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An essay on Galaxies. Rogue ones.

with 3 comments

Me and sekai sat down and finished playing Rogue Galaxy. I’m not sure what compelled us to play it initially, but I wish it hadn’t shown itself.

Being candid, the game sucks. I can’t fathom how anybody thinks its good. It’s problems are legion, to the point that I’m unsure of whether the game went through a quality checking phase at all.

The interface, and the menu in particular, is unintuitive and feels like walking through molasses. Getting to even the simplest of windows that you access more or less constantly, requires the traversal of a minimum of two sub-menus, which in itself isn’t good design, but compounded with the dead time after pressing X where no inputs are sensed this becomes a very real and very  annoying problem. At least once every time I went into the menu, I ended up going into the wrong submenu because I didn’t wait for the dead time after the transition animation. The item menu also lacks tabs sorted by item type, and so ‘clusterfuck’ doesn’t even begin to accurately describe it.

Now for the big failure.

Rogue Galaxy is the most unbalanced game I have ever played. Never before, and hopefully never again, will I play a game balanced as horribly as this. There are so many things wrong with it that I’m having trouble knowing where to start or how to organize it.

Fighting consists essentially of only 5 things: A main weapon (Sword),  subweapon (gun), jumping, guarding, and skills/spells. That might sound like a lot, but you need to understand that this is as far as it goes. There is nothing deeper or more strategic about it. This is where the combat mechanics end. I would include the Burning strikes, but they were activated at random in the jap release of the game and you can’t use them on bosses anyway. I never used the throw command either.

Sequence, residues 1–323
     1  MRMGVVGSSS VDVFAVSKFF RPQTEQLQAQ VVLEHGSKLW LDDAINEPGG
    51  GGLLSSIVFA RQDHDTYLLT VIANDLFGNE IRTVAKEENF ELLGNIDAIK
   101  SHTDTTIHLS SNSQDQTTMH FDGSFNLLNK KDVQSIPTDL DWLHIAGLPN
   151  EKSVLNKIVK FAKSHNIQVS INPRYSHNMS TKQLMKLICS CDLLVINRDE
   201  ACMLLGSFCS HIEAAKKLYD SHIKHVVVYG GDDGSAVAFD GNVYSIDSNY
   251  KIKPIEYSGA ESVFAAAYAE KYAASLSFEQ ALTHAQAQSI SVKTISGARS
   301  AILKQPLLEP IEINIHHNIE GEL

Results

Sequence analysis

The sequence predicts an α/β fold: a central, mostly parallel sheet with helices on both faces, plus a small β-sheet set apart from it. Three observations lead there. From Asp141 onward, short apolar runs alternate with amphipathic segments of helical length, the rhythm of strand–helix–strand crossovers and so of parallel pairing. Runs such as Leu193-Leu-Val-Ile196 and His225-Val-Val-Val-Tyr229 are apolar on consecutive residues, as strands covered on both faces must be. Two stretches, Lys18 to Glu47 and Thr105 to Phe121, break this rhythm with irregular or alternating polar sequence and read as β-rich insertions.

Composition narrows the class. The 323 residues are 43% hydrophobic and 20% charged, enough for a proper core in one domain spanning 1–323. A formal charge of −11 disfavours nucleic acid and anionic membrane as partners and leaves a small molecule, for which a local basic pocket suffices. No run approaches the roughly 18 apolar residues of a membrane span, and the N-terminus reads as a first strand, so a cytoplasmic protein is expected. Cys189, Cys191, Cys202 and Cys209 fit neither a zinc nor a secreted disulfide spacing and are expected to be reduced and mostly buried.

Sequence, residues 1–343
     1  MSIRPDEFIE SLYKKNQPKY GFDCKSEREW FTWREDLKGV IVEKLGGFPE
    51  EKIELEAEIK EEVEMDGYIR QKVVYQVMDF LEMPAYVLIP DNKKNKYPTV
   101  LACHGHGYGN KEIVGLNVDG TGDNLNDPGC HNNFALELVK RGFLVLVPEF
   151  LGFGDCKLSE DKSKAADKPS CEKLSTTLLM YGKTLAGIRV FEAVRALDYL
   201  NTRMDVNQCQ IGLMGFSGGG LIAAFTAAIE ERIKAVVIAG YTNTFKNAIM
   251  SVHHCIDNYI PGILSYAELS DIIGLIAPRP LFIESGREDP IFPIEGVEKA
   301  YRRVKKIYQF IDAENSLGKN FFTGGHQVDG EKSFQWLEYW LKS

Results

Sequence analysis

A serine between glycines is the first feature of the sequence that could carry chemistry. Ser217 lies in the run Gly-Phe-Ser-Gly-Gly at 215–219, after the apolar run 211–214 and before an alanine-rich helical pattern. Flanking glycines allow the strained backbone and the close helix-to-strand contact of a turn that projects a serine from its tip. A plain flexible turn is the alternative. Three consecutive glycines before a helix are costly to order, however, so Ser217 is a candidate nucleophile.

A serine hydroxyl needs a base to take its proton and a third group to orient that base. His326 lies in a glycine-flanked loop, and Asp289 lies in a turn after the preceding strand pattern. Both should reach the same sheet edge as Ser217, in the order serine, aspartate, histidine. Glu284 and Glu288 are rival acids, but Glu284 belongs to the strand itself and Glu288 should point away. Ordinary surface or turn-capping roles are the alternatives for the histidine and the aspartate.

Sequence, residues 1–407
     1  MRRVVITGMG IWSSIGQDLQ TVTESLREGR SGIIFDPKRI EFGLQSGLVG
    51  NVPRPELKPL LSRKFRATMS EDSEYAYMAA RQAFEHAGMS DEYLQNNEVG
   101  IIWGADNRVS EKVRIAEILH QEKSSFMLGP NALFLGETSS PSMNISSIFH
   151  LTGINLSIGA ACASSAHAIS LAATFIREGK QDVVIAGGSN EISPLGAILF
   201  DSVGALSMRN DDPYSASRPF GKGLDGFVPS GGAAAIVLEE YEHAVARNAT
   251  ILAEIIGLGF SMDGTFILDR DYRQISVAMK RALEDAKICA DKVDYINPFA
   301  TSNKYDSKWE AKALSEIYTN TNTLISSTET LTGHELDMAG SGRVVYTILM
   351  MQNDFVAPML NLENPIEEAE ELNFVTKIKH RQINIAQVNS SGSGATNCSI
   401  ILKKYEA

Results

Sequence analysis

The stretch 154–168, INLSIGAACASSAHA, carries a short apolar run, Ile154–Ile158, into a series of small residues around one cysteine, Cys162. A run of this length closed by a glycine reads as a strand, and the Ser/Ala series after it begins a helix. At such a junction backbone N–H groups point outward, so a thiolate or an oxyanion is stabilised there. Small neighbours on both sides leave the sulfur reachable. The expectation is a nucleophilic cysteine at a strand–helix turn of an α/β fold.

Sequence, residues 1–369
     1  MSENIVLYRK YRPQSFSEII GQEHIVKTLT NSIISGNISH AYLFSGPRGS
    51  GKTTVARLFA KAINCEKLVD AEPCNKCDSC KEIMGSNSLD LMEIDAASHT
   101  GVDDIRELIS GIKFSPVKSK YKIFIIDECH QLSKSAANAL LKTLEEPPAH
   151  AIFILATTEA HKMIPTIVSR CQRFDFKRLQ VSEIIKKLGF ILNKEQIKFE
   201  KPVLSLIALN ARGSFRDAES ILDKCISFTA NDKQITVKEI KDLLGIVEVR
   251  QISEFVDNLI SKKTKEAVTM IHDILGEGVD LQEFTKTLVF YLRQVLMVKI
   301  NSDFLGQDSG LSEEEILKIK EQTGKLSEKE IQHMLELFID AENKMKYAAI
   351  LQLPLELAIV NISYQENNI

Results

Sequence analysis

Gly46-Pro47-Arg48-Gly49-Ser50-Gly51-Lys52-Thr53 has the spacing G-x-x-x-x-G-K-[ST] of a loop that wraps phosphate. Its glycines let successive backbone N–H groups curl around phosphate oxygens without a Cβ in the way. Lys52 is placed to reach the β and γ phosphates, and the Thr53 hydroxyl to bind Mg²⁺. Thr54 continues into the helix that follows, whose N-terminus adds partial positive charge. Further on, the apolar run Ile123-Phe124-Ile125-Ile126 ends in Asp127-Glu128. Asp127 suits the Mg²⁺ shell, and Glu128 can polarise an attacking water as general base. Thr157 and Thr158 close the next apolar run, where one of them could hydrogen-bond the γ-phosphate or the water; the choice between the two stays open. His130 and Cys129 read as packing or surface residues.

One could be forgiven for thinking that if this is all there is, then as least what is here is balanced well or feels gratifying, but they couldn’t be more wrong. Every element of the battle system feels like it was created to alleviate the problems of another element and it just feels like a giant cobbled together mess.

The spells are overwhelmingly powerful, doing massive damage to all enemies, so the game tries to fix this early on by making the cost to use them so high that you can’t afford maybe one or two before your MP runs dry. It takes no more than 10 hours before this isn’t an issue anymore because the spells don’t get any more expensive as the game progresses. They don’t lose any strength either because all of the spells are balanced to do lots of damage even in the last dungeon. This means that by the time you are on the final dungeon, if you’ve adequately unlocked character skills, you can spam all-powerful link-spells that kill any enemy in one hit.